"They have an extraordinary player at quarterback," Pittsburgh coach Walt Harris said. "He's not only a good runner -- runs the option well -- he's also an outstanding passer. I think the other quality that separates him from most quarterbacks is he's tough as nails. He's the guy that makes it go."

    Smith, who might enter the NFL draft after this season, said there is no more enjoyable offense to run than the one Meyer has developed.


    "We give a ton of different looks," the QB said. "It's pretty amazing when you can run the option and the spread from the same formation."...
    -12-31-2004, 02:56 PM
  • DJRamFan
    I-AA No. 1 Southern Illinois Tries to Stop Upset Bug
    by DJRamFan
    Salukis bring balanced offense on the road.

    Sept. 23, 2004

    By Scott Mees

    CARBONDALE, Ill.- The Southern Illinois University football team returns to Delaware on Saturday.

    No, not to face the team that dominated it in the first round of last season's Division I-AA playoffs -- that rematch could happen later this year.

    This time, the top-ranked Salukis will take on the Delaware State Hornets at Alumni Stadium in Dover, Del., at noon (central time).

    "We're going on the East Coast to a place we haven't played," said SIU head coach Jerry Kill.

    SIU (2-1) is coming off a lopsided 59-9 victory over William Penn, in which most of its starters were on the bench by halftime.

    The Hornets (0-3), on the other hand, have a record of 1-13 since the beginning of the 2003 season. Delaware State was picked to finish last in both Mid-Eastern Athletic Conference 2004 preseason polls.

    Nevertheless, Kill is not underestimating his team's opponent, or the environment it may face.

    "You never know what's going to happen," Kill said. "You've just got to be prepared."

    Kill referred to (then No. 15) Western Illinois' loss at Hampton last weekend as a prime example.

    "It could rain," Kill said. "There are too many things you can't control in football."

    Running back Terry Jackson's playing status was still questionable as of Tuesday evening.

    "Terry practiced today," Kill said. "I don't know if he'll play or not, but he seems to be better."

    The Saluki head coach is pleased with all aspects of how his offense is performing.

    "We are about as balanced as we've ever been, since I've been here," Kill said.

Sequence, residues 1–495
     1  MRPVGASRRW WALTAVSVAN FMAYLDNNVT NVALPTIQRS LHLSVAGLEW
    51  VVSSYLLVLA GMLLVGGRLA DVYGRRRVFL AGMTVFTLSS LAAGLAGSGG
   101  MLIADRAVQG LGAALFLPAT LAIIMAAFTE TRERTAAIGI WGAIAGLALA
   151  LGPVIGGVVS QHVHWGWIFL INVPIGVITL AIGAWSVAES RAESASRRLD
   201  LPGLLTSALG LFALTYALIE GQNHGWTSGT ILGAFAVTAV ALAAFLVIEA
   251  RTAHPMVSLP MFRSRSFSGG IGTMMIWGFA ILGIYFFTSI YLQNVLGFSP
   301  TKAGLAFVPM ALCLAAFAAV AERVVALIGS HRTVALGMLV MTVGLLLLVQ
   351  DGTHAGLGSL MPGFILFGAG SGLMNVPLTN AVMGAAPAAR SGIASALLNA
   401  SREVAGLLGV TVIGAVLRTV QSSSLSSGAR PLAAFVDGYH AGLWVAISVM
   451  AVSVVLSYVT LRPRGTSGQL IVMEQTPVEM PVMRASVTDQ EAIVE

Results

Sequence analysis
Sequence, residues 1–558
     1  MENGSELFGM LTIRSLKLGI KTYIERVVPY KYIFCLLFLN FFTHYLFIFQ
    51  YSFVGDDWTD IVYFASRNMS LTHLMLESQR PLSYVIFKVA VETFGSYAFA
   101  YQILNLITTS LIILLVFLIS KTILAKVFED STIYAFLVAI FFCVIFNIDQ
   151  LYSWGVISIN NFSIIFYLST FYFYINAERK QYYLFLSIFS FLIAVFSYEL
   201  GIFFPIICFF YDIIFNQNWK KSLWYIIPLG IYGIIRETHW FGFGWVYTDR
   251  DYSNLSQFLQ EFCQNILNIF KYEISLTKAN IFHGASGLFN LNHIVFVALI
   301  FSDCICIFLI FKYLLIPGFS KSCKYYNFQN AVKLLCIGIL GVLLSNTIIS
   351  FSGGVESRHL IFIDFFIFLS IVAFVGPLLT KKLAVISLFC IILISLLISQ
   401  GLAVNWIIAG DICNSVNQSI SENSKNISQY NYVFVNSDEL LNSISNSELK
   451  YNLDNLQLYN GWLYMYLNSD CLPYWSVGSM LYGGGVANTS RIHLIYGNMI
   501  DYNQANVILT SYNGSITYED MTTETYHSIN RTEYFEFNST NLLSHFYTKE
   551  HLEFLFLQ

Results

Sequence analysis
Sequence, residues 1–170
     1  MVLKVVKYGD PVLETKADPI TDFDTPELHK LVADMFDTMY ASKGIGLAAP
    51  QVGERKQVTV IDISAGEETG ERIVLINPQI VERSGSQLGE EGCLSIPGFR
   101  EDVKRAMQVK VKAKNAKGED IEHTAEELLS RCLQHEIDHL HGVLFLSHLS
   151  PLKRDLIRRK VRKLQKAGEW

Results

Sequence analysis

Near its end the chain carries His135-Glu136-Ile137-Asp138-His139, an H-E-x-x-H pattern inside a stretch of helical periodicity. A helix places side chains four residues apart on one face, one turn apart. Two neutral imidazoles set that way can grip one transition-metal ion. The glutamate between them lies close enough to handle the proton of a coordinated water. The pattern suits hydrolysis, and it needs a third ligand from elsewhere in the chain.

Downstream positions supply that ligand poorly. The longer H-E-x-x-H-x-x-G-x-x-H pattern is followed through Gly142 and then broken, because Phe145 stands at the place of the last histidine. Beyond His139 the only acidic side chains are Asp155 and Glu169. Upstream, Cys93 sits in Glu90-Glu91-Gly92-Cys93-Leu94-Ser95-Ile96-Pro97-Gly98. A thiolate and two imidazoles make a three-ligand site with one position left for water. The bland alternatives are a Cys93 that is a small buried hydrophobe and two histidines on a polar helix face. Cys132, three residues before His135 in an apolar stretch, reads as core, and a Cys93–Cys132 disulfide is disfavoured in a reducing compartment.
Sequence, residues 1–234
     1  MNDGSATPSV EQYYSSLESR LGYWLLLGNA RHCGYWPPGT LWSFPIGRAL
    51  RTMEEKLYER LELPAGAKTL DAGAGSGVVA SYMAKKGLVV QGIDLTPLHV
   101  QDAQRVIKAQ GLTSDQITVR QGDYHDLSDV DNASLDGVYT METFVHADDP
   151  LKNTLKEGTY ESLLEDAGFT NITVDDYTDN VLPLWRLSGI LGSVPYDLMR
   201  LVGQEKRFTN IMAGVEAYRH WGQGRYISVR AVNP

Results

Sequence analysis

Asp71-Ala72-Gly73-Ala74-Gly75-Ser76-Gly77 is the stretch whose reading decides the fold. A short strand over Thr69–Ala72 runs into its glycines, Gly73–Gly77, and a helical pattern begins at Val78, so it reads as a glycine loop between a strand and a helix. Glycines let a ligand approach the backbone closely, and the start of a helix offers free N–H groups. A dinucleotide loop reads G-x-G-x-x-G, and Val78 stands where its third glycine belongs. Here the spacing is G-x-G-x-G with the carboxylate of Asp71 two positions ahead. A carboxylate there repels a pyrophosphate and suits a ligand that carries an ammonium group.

Kill added that he is happy with the efficiency of the passing game.

    "We're throwing the ball equally, as well as running it," Kill said. "We're throwing the ball very well."

    Through three games, SIU quarterback Joel Sambursky is 37-for-55 passing the ball. The junior has thrown four touchdowns and just one interception. Brent Little leads the team in receptions with 10 for 181 yards. Quorey Payne has five catches, but averages a whopping 29 yards per reception.

    The Saluki backfield continues to get more crowded as freshman Craig Turner is now in the mix. Turner -- in his debut -- led the Salukis with 93 yards rushing in the William Penn game. Arkee Whitlock added 89 yards, and Brandon Jacobs chipped in with 63.

    Freshman wide receiver Phil Goforth remains a couple of weeks away from playing, according to Kill.

    As far as a plan of attack goes, Kill said the Salukis would take what the defense gives them.

    -09-23-2004, 12:12 PM
  • DJRamFan
    Purdue, Michigan headed in opposite directions
    by DJRamFan
    Oct. 25, 2004 wire reports

    WEST LAFAYETTE, Ind. -- Just over two weeks ago, Purdue was undefeated and looked to be shifting the balance of power in the Big Ten.


    Wisconsin and Michigan had other ideas.

    The Boilermakers had Bowl Championship Series aspirations heading into their two-game homestand against the Badgers and Wolverines, but those hopes were dashed after two losses by a combined five points.

    Purdue (5-2, 2-2 Big Ten) has slipped from No. 5 in the AP Top 25 to No. 17 and now is left looking for answers.

    "Things haven't really gone our way lately," running back Brandon Jones said. "We've made a couple key mistakes in key situations. We just have to look past that and bounce back as a team."

    The Boilermakers lost 16-14 on Saturday to streaking Michigan (7-1, 5-0). The Wolverines have won six in a row and every week look more like the most complete team in the Big Ten.

    Michigan kept pace with Wisconsin as the only teams with perfect conference records.

    The Wolverines' two freshmen -- quarterback Chad Henne and running back Michael Hart -- have led the way, improving with each game.

    Hart has been sensational the last two weeks, running for 234 yards against Illinois and 206 against Purdue. And he's benefiting from the considerable talent around him that has come together after an early season loss to Notre Dame.

    "I think Michael Hart has a good offensive line in front of him, he's got good receivers that will block well, and he's got coaches that always seem to design a way to get him the football," Michigan coach Lloyd Carr said. "He's a special kid."

    Purdue's defense would find it hard to argue after being carved up by the teenager.

    "He's a freshman, but that boy has three more years of dominating," Purdue safety Bernard Pollard said. "He's a very good back."

    And the kind of player that always seems to choose Michigan over Purdue.


    In his eighth season at Purdue, coach Joe Tiller has helped the once-moribund Boilermakers move into the upper echelon of the conference. But after being pushed around by the bigger, stronger, faster Wolverines for the fourth consecutive time, it's clear he still has some work to do.

    "All we need is to be able to recruit everybody two inches taller than (the Boilermakers) are today, 25 pounds heavier than they are today and two or three-tenths of a second faster than they are today," Tiller said. "All of those guys happened to be on the other sideline. So we will continue in our system, and our guys playing their tails off. Given the ability they have, we'll continue to fight the good fight."...
    -10-25-2004, 06:03 AM